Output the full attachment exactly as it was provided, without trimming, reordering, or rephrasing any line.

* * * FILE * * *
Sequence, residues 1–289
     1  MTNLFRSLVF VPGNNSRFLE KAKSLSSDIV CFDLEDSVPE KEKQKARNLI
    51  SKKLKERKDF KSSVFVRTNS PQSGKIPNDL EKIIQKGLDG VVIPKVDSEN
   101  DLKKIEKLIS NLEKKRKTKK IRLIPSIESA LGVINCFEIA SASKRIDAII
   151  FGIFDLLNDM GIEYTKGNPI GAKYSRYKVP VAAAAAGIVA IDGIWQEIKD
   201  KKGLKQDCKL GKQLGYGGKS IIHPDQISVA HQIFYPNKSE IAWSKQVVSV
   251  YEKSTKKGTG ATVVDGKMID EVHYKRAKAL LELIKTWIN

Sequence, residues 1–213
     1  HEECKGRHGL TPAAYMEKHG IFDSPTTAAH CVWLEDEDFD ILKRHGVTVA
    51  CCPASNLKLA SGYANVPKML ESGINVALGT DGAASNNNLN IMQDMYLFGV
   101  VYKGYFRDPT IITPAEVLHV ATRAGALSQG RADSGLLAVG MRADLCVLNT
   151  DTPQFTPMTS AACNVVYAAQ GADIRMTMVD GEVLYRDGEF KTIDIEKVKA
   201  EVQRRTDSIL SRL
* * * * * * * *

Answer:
Sequence, residues 1–289
     1  MTNLFRSLVF VPGNNSRFLE KAKSLSSDIV CFDLEDSVPE KEKQKARNLI
    51  SKKLKERKDF KSSVFVRTNS PQSGKIPNDL EKIIQKGLDG VVIPKVDSEN
   101  DLKKIEKLIS NLEKKRKTKK IRLIPSIESA LGVINCFEIA SASKRIDAII
   151  FGIFDLLNDM GIEYTKGNPI GAKYSRYKVP VAAAAAGIVA IDGIWQEIKD
   201  KKGLKQDCKL GKQLGYGGKS IIHPDQISVA HQIFYPNKSE IAWSKQVVSV
   251  YEKSTKKGTG ATVVDGKMID EVHYKRAKAL LELIKTWIN

Sequence, residues 1–213
     1  HEECKGRHGL TPAAYMEKHG IFDSPTTAAH CVWLEDEDFD ILKRHGVTVA
    51  CCPASNLKLA SGYANVPKML ESGINVALGT DGAASNNNLN IMQDMYLFGV
   101  VYKGYFRDPT IITPAEVLHV ATRAGALSQG RADSGLLAVG MRADLCVLNT
   151  DTPQFTPMTS AACNVVYAAQ GADIRMTMVD GEVLYRDGEF KTIDIEKVKA
   201  EVQRRTDSIL SRL